The doctor mumbled something about the nurses’ behavior being unethical and some other things. But I was really not interested in that. I wanted to know the story about the bubble boy and why everybodycalled him that. Since I had heard almost everything, my doctor had no option than to tellme about the condition just that he withheld the boy’s name (besides this was strictly for educational purposes).

So from my conversation with the doctor, I got to know that the boy I saw had a genetic condition known as SCID (Severe Combined Immunodeficiency).
His body can not fight against any form of disease ; even catching a cold could be fatal. This is because these cells (produced by the bone marrow and thymus gland) that are responsible for this action, are either not present or are defective.

Therefore, he has to be kept in a sterile environment for the rest of his life till a decision is made about his condition. He is called ‘the bubble boy’ because victims of this disease are usually isolated in a sterile environment and are hardly involved in any physical contact lest they get infected.

He said this deficiency is not usually noticed till about six months since the newborn would be carrying it’s mother’s antibodies for the first few weeks after birth. The antibodies that the baby carries are necessary for the fight against any infections.
However, there comes a time where the effect of the mother’s antibodies wean off, and the baby has to acquire its own cells to fight for itself. That’s when the disease is diagnosed because such children present with recurrent infection due to a compromised immune system.There is always light at the end of the tunnel. This means that the bubble boy’s situation is not hopeless after all.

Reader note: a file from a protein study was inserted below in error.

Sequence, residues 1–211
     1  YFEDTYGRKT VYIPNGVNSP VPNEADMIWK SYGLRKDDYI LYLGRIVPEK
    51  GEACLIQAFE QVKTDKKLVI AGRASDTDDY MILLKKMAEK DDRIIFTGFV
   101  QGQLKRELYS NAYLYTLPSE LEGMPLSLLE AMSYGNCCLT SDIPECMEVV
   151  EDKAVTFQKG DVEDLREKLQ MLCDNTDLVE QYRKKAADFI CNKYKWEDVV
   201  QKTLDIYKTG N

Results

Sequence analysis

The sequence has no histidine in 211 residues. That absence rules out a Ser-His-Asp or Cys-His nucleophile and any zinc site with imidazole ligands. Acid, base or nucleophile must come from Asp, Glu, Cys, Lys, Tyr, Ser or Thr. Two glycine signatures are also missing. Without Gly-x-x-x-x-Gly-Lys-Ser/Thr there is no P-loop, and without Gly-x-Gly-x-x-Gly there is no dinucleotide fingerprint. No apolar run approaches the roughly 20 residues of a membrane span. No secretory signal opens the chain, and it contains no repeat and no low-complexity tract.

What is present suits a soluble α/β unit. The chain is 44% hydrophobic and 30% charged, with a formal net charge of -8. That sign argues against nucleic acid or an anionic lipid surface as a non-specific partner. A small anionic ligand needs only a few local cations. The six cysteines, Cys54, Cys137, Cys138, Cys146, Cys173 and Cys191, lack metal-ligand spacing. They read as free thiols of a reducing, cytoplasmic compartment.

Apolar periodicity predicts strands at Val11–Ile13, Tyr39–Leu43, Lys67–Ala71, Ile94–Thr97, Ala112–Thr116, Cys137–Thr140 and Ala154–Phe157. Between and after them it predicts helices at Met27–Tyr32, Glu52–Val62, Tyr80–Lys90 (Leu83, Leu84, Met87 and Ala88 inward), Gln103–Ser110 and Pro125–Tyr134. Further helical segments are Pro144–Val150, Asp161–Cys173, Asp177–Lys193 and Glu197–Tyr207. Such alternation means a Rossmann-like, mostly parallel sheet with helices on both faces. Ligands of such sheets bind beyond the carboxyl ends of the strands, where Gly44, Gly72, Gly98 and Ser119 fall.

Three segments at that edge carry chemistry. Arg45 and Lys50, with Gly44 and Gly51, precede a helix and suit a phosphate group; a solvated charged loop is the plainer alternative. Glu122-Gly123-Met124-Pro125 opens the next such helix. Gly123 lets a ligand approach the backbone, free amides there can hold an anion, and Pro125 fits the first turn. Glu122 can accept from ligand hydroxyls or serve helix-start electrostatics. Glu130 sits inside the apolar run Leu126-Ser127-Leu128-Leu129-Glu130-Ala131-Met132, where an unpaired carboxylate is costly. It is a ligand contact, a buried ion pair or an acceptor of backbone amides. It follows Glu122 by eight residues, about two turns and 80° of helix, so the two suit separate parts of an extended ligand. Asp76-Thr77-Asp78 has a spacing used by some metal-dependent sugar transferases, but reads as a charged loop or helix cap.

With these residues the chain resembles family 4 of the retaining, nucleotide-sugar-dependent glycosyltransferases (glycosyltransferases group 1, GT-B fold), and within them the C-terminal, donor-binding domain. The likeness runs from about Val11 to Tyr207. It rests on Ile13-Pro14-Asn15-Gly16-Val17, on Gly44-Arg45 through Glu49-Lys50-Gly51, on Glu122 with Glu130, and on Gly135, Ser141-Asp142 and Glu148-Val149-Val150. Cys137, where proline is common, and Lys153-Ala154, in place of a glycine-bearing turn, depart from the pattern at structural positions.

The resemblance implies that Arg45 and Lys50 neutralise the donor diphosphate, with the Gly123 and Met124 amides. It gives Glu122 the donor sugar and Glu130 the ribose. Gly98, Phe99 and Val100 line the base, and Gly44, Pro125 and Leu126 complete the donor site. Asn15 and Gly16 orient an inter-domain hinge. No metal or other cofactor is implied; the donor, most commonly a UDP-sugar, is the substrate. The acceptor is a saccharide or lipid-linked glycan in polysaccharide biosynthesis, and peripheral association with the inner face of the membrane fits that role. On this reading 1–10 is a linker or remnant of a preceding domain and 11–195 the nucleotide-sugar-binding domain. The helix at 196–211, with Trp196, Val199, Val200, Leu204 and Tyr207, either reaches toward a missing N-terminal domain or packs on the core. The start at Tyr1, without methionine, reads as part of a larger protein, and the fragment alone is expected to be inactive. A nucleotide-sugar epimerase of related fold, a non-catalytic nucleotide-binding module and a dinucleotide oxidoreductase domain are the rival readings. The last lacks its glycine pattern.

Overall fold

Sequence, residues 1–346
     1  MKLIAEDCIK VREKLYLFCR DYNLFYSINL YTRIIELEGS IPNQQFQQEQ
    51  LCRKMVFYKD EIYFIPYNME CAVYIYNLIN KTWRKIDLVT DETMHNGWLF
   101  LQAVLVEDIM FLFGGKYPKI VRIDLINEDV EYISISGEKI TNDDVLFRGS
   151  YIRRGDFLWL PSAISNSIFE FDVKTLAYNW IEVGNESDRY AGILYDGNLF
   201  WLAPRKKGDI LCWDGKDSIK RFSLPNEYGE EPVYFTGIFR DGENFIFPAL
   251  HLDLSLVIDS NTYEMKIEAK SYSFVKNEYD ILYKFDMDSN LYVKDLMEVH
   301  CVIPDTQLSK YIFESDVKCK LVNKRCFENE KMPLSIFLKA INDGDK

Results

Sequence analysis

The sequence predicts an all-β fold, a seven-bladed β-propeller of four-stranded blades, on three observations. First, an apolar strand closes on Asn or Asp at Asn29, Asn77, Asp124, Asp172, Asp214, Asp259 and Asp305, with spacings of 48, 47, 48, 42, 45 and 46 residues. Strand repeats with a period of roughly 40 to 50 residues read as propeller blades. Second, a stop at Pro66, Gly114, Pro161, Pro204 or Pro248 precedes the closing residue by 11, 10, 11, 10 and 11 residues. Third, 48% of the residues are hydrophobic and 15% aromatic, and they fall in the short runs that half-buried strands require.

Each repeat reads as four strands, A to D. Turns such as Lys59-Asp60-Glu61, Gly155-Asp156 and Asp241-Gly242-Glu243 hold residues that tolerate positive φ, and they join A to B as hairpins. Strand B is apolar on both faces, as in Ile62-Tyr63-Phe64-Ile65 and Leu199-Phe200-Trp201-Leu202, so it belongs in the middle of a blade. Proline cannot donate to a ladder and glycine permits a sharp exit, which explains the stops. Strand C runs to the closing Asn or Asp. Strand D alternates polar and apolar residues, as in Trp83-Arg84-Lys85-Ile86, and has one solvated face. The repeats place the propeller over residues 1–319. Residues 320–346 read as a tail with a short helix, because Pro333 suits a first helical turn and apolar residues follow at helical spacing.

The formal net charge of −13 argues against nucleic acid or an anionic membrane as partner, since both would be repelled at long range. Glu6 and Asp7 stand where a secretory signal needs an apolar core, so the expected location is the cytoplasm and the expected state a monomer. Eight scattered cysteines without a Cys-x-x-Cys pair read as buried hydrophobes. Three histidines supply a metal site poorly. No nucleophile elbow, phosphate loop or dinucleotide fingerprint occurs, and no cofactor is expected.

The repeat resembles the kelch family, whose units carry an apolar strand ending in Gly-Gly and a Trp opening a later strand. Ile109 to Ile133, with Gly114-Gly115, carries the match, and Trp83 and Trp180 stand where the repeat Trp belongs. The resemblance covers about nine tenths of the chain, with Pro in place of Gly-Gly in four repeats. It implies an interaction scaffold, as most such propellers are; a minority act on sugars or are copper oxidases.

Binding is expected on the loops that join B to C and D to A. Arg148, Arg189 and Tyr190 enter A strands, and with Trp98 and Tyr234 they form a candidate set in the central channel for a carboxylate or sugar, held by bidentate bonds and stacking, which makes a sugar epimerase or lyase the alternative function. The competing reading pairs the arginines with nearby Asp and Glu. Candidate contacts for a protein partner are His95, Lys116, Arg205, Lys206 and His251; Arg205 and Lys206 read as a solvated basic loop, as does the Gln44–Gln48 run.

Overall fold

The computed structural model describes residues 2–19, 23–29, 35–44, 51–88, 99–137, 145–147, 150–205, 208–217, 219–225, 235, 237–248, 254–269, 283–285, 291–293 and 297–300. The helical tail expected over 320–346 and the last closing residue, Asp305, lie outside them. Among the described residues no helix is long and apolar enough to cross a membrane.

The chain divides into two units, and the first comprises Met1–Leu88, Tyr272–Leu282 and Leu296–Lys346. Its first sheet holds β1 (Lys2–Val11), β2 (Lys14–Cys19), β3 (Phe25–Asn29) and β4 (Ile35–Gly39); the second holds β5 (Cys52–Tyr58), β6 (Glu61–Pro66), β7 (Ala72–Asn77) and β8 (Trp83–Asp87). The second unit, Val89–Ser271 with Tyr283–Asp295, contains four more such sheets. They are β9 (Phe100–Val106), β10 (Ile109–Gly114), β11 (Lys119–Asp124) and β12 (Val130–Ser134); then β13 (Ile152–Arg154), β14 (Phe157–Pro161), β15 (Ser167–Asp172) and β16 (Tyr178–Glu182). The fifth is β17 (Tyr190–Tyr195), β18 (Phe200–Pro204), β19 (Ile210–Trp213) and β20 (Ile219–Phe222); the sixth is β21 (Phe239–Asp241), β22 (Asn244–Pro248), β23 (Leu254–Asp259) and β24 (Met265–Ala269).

He has two options : either have a bone marrow transplant or go through gene therapy. The former is a more common treatment which requires a donor (preferably a match) and careful screening to prevent acquired diseases after the transplant. His body also needs to accept the transplant because if this does not happen, he may die.

Gene therapy is an alternative to a bone marrow transplant. This involves incorporation of missing genes into a cells that can divide rapidly and then later inserting it into the individual so that the individual’s system is stored back to normalcy.
All this seems quite complex but I wish the bubble boy all the best. I hope that his surgery is successful so that he can get the chance to embrace life and go on vacations without worrying about any bacteria in the air.


Naa Adzoa Adzeley Boi- Dsane

They call it the Christmas Disease


This is a continuation of the series.

December, 2009